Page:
Combine the dashi, soy sauce, mirin, and sugar in a small saucepan and bring it to a boil. Then, lower the heat and let it simmer until the sugar is completely dissolved. Remove from the heat and set aside.
To Prepare the Ingredients
Follow these instructions to straighten the shrimp, so it looks gorgeous. Pat the shrimp dry and make sure the moisture is completely removed from the shrimp.
Cut all the vegetables (except the eggplant) ¼-inch thick. For the eggplant, cut off and discard the stem and calyx, then cut it in half lengthwise. With the cut side flat on the cutting board, cut the eggplant lengthwise into very thin slices (about ⅛ inch or 3 mm), being careful to leave the bottom tip intact by 1 inch (2.5 cm) so the slices stay connected. Then, gently press down on the slices to fan them out. Repeat with the other eggplant half.
To Prepare the Oil
In a medium-sized pot, heat 1½ inches to 2 inches (3-5 cm) of the oil to 350°F (180°C).
To Make the Tempura Batter
While the oil is heating up, start preparing the tempura batter. Add the egg and the iced water into a 2-cup measuring cup (or any bowl). Whisk the egg mixture vigorously and discard the foam on the surface.
Sift the flour into a large bowl. Slowly pour the egg mixture into the flour. Mix the batter, but do not overmix; it’s okay to leave some lumps in the batter. Keep the batter cold at all times (store it in the refrigerator if needed). Make the batter right before deep-frying to avoid activating the wheat gluten.
To Deep-Fry the Tempura
Check the oil temperature with a thermometer to make sure the oil is 350°F (180°C). You can also use wooden chopsticks to check; when you dip your chopsticks in the oil and see small bubbles forming, it’s ready for deep-frying. Please note that sweet potatoes and kabocha require a lower cooking temperature (320ºF/160℃). If you want to read more deep-frying tips, please read this post.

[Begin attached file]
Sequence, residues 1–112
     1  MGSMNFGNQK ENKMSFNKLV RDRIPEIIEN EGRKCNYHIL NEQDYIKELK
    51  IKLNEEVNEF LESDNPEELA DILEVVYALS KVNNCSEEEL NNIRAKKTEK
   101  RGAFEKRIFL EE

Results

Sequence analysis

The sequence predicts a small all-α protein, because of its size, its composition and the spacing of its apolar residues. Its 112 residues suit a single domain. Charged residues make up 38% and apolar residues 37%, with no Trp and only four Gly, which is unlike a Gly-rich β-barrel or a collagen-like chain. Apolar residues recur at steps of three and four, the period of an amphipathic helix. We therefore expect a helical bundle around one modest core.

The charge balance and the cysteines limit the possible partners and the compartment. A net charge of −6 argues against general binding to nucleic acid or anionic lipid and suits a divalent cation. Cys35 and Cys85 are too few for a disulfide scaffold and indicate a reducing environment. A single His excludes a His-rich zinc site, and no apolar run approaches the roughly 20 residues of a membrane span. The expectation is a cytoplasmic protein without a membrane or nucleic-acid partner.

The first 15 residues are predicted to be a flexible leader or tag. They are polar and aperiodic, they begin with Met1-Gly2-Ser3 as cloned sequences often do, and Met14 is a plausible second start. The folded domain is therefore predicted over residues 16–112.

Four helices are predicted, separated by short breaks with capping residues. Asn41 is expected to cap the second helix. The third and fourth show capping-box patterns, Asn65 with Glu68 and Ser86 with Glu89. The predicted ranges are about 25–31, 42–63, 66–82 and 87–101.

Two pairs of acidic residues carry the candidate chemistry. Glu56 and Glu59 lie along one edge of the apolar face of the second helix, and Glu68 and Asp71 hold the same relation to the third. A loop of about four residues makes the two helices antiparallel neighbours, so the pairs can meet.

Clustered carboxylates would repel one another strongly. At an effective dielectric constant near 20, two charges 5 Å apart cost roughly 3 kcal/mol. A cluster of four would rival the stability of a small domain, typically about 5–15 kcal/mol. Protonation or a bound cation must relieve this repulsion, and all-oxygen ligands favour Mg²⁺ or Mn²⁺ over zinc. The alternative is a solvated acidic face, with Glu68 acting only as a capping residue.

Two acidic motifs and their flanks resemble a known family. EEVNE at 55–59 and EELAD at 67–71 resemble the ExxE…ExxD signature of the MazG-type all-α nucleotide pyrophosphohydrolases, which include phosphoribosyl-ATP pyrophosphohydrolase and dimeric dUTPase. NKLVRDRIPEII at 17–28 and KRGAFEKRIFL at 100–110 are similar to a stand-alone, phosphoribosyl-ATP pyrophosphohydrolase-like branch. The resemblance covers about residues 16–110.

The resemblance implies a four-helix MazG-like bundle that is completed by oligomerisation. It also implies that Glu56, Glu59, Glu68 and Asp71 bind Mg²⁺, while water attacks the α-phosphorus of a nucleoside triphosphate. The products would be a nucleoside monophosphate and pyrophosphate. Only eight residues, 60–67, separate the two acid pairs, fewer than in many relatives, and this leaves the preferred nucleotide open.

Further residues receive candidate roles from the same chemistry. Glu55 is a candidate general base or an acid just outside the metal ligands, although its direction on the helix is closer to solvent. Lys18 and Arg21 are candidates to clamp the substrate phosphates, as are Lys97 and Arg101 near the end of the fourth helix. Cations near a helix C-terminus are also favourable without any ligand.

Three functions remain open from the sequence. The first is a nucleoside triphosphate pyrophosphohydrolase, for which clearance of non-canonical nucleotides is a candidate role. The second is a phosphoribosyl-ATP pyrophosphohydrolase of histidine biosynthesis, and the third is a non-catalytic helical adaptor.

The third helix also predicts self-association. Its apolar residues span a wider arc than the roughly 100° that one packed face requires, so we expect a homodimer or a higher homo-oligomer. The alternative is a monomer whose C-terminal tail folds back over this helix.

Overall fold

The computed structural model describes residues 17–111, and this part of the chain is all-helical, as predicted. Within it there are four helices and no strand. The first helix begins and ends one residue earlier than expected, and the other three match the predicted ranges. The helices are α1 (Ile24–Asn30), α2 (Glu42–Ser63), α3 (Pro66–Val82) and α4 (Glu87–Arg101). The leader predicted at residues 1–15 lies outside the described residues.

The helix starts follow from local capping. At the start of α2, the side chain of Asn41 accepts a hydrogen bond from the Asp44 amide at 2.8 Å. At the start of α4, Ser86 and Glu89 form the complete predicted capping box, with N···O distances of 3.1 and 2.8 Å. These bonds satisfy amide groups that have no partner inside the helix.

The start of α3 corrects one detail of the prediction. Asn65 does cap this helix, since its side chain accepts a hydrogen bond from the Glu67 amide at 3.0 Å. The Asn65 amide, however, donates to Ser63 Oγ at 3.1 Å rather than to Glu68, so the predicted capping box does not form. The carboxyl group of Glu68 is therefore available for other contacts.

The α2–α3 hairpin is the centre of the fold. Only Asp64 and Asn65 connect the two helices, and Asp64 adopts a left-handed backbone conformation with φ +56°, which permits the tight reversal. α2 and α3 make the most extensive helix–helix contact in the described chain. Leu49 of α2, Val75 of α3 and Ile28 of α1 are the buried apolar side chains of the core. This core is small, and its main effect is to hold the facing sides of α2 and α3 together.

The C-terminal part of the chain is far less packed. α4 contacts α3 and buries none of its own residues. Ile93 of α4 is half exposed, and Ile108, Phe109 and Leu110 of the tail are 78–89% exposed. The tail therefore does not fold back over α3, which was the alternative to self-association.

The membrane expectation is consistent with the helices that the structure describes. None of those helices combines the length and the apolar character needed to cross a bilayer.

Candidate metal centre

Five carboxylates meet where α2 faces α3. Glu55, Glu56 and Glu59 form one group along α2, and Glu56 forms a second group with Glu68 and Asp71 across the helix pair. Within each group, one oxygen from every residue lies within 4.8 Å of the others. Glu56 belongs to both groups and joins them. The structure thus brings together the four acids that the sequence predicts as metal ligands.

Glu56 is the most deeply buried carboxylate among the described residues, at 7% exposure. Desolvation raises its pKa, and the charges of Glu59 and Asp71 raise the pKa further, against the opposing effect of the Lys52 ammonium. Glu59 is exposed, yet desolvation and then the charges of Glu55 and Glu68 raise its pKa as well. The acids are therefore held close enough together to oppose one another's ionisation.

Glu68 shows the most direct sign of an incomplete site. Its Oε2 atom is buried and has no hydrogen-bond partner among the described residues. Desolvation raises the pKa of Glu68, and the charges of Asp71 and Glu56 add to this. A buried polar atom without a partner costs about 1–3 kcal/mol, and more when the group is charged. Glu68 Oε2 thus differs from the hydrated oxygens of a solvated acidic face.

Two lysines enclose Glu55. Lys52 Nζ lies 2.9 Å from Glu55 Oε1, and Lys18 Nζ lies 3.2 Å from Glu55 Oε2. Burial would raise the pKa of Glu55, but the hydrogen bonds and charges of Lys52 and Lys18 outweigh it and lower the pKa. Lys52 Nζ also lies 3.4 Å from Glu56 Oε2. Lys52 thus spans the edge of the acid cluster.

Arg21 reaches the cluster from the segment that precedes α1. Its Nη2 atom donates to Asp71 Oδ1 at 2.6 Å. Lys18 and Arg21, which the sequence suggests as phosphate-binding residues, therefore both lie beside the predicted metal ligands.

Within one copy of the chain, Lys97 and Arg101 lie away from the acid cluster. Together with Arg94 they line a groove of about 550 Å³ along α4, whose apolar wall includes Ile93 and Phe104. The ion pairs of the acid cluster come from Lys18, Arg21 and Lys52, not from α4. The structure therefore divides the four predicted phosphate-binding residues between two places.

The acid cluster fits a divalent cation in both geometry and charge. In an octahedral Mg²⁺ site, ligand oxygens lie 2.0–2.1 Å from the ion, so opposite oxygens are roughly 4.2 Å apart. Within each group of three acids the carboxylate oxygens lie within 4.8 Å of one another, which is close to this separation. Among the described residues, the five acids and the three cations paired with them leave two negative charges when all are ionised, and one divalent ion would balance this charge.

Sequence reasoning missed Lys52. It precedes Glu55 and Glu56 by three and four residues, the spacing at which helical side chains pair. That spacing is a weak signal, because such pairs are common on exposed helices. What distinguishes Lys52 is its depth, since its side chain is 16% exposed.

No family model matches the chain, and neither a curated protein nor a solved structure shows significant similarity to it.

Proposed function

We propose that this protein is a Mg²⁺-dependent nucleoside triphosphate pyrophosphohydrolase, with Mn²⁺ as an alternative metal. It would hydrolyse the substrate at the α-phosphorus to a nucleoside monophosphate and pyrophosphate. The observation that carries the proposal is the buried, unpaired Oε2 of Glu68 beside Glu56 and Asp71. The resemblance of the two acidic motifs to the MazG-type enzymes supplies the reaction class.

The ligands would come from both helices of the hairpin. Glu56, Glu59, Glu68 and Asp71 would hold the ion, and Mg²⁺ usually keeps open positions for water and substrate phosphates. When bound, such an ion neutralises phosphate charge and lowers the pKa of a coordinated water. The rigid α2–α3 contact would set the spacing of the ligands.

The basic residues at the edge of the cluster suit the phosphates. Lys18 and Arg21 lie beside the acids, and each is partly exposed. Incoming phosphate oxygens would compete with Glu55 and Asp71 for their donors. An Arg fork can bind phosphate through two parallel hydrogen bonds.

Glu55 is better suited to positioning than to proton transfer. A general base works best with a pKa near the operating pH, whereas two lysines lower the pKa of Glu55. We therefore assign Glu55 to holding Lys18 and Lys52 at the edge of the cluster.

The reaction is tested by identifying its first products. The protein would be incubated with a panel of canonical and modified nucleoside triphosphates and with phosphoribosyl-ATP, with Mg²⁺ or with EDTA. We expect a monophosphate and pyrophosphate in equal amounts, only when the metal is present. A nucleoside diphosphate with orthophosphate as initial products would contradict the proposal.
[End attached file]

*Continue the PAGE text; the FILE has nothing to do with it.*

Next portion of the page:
Deep-fry starting with the cleaner and less astringent ingredients. For example, the cooking order would be shiso first, followed by the mushrooms, eggplant, shrimp, sweet potatoes, and kabocha. Make sure your ingredients are dry before dipping them in the batter; if they’re wet, dry them with a paper towel first. While the tempura is frying, the moisture from the ingredients will evaporate and the tempura will become crispy. However, if the ingredients have extra moisture, the tempura will become soggy after deep-frying.
When the oil reaches the right temperature, dip one piece of vegetable or shrimp in the batter, let the excess drip off for a second or two, and very gently place it into the hot oil. Continue dipping and adding one piece at a time. For the shrimp, sprinkle some flour or potato starch (or cornstarch) over it before dipping to help the tempura batter adhere. For the shiso leaves, sprinkle a bit of sifted flour on the back of the leaf, dip only the back of the leaf into the batter, and deep-fry for 15 seconds. The flour acts as a glue and the batter tends to stay on the ingredients better.
Deep-fry the ingredients until golden brown. Do not crowd the pot because the oil temperature will drop quickly. Remember, your ingredients should take up no more than about half of the oil surface area at any one time.Here’s the rough cooking time for each of the ingredients: Shiso (350ºF/180ºC, 20-30 seconds), mushrooms (350ºF/180ºC, 1 min), eggplant (350ºF/180ºC, 1 min), shrimp (350ºF/180ºC, 2 minutes), sweet potatoes (320ºF/160℃, 3 mins), and kabocha (320ºF/160℃, 2-3 mins). Note that sweet potatoes and kabocha require a lower cooking temperature than the rest of the tempura ingredients.
Transfer the tempura to a wire rack or a plate lined with a paper towel to drain the excess oil.
Between batches, clean the oil by scooping up the crumbs (called tenkasu), which will burn and turn the oil darker if left in the pot.
Grate the daikon and squeeze the liquid out. Prepare 3-4 Tbsp of warm tentsuyu in individual small bowls and serve the grated daikon on the side.
Put 1 Tbsp of the grated daikon in the sauce and dip the tempura in the sauce to enjoy.
You can keep any leftovers in an airtight container and store them in the refrigerator for up to 2 days and in the freezer for 2 weeks. Reheat the tempura at 350ºF (180ºC) in the oven until warm and crisp.